Krugman's Double Standard

Last week when Paul Krugman debated Joe Scarborough, the economist accused Scarborough of "ad hominem" attacks when confronted with his own past statements. What bothers me most about Krugman's charge is that he is often guilty of name-calling and hyperbole. Krugman's disdain for his opponents is cheered by like-minded progressives, but isn't this no better than the name calling on talk radio or on the Web?

The most cited line from Krugman about Ryan is actually borrowed:
As usual, Ryan makes me think of Ezra Klein's old line about Dick Armey: he's a stupid person's idea of what a smart person sounds like.
I wish we could acknowledge that our "opponents" in politics, economics, philosophy, or any other discipline are not evil. We disagree, but that doesn't make someone stupid or willfully ignorant.

Whenever someone quotes "Nobel Prize-winning New York Times columnist Paul Krugman" I am compelled to mention that a long list of other Nobel winners exist. Some of them have been fantastic failures in actual business, as the tale of Long Term Capital Management illustrates [link]. Others are noted members of the Austrian or Chicago Schools of Economics — opposed to Krugman's neo-Keynesian theories. In other words, even the Nobel committee in economics doesn't believe one set of economic theories is right and all others wrong.

But, to read Krugman, you would think all other views are stupid or evil — not merely wrong.

How can that approach be anything but antagonistic? It is not persuasive. If anything, it alienates opposing points of view, making genuine dialogue more difficult.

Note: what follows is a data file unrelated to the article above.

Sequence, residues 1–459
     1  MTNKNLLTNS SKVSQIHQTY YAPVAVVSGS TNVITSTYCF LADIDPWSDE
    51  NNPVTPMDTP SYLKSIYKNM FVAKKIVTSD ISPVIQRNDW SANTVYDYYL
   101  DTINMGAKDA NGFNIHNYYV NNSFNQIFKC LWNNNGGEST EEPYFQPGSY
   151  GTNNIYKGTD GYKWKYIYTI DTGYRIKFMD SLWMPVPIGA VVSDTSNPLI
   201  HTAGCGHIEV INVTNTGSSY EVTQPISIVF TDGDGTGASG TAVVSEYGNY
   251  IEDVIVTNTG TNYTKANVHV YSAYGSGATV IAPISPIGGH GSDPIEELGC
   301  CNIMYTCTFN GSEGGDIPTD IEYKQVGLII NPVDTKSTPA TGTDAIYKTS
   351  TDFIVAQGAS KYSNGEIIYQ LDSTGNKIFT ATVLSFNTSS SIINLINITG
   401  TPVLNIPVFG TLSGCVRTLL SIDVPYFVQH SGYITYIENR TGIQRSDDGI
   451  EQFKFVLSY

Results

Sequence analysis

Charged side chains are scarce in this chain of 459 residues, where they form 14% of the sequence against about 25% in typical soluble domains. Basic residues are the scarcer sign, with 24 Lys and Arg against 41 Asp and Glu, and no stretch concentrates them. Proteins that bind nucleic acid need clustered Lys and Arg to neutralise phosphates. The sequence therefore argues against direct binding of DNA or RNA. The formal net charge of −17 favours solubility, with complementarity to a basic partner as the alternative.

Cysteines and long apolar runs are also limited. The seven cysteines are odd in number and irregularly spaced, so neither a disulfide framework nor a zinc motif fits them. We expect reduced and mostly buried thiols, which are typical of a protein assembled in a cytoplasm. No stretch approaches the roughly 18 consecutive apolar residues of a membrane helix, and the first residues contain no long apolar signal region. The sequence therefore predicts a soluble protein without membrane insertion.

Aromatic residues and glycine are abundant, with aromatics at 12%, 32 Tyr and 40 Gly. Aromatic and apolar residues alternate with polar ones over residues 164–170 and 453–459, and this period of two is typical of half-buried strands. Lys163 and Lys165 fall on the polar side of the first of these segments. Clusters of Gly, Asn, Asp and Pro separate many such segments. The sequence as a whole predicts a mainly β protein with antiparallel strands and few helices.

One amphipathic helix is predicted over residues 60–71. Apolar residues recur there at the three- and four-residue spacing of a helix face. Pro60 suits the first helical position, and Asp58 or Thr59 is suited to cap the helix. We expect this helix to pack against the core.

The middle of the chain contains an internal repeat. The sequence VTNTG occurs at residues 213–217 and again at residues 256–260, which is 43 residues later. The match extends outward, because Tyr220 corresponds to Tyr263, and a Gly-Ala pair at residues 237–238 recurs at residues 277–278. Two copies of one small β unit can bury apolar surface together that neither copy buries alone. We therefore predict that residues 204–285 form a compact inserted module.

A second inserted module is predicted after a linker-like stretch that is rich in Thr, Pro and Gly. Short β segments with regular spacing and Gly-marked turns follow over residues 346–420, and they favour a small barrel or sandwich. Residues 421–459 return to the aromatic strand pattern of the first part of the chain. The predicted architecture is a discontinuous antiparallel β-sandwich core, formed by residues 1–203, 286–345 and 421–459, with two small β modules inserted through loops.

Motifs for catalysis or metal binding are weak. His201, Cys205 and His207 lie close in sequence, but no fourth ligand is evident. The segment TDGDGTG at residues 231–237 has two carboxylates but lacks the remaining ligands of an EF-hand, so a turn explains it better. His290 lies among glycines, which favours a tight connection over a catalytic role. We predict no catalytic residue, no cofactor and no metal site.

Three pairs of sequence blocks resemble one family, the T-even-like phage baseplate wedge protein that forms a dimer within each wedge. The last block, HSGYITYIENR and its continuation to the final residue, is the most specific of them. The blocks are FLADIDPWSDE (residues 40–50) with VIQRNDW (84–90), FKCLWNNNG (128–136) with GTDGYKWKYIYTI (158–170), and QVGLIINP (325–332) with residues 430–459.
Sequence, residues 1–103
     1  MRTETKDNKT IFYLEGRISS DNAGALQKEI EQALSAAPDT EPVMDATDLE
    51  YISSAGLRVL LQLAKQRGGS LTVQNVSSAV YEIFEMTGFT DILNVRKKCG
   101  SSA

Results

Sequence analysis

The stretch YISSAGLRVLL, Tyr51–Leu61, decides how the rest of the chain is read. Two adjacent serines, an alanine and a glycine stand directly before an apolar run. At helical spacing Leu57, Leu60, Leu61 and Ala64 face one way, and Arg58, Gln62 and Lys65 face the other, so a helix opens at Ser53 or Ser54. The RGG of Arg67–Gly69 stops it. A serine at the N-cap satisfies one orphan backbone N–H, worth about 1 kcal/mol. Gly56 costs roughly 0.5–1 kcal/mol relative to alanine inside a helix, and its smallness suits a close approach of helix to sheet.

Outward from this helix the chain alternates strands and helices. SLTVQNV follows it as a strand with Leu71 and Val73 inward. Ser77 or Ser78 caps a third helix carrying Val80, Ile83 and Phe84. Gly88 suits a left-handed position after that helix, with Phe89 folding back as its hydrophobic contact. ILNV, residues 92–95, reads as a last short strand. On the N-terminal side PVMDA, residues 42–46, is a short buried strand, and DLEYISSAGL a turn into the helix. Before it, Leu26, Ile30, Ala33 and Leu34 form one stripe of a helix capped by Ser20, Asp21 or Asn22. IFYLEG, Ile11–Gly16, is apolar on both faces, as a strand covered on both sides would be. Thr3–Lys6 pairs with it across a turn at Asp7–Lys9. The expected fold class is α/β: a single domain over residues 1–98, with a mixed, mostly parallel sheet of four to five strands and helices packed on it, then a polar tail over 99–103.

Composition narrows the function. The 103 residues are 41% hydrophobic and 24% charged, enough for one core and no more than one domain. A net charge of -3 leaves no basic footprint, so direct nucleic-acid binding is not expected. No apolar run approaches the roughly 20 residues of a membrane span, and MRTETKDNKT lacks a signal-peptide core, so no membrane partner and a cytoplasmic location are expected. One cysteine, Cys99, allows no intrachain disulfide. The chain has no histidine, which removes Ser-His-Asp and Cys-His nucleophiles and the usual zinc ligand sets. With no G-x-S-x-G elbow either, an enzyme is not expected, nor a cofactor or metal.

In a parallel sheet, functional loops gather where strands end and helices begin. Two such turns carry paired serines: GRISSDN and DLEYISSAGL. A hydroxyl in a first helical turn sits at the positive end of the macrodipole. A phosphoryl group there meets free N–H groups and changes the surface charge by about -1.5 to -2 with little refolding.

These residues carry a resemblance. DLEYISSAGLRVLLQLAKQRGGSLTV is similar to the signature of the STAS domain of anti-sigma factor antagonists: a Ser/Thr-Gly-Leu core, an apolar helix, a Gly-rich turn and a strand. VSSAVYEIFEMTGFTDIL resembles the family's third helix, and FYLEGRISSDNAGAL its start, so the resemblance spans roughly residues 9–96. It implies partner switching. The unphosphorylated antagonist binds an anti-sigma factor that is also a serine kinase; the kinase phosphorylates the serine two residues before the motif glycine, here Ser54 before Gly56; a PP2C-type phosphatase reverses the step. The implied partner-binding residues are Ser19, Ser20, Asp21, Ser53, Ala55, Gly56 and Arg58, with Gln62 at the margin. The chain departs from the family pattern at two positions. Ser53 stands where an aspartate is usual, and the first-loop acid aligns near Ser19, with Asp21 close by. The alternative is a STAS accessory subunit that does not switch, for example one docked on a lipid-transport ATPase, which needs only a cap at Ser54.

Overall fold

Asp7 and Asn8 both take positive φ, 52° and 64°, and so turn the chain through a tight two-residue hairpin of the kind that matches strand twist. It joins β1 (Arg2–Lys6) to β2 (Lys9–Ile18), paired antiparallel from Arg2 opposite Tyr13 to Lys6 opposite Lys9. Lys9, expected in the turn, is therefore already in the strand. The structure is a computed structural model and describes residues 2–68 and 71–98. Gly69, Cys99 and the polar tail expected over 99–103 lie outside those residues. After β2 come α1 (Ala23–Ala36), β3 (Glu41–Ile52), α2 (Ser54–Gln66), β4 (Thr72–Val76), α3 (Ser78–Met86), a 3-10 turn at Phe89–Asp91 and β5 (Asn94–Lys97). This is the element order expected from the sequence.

Paul Ryan has degrees in economics and political science from Miami University of Ohio. Is the Princeton economist with the bachelor's degree from Yale and the doctorate from M.I.T. playing the role of elitist? (Of course, as I have written elsewhere — where you go to school does matter to people.)

Calling people dumb or stupid, any group, is not a valid argument.

I do not deny that some groups are less informed than others on some issues. And sometimes, how you decide "ignorance" is itself reflective of biases and assumptions. While self-identified Republicans are less likely to believe in "human-caused global warming," self-identified Democrats are more likely to believe in "ghosts and spirits" — choose which you believe is ignorant.

The field of economics is not climate science or parapsychology. It is admittedly an art, with statistic models that are imprecise at best. There are no perfect answers, only some better than others.

Paul Samuelson, one of Krugman's mentors, suggested that the U.S. would fall into long, lasting recession after World War II and the reduction in federal spending. That did not happen. Such failures of premonition are not evidence of stupidity, ignorance, or anything else. They are simply proof of the limits of economics.

When Krugman criticizes Paul Ryan, Rand Paul, or other politicians, he raises the specter of Ayn Rand. That's a simplistic argument, because it is easy to dislike Ayn Rand. I certainly dislike her personal history and only like one of her books (The Fountainhead). Sorry, but using Rand as shorthand for greed is itself a shallow argument that misses the nuance of Rand.

Admittedly, I have stated that Krugman omits information, changes positions, and argues more from political bias than economic models. Still, I don't believe he is "evil" — but I do believe he is convinced of his cause, no matter what.

Maybe if we could at least admit we're all biased that would start a dialogue. Nah, that is not going to happen. Silly me.


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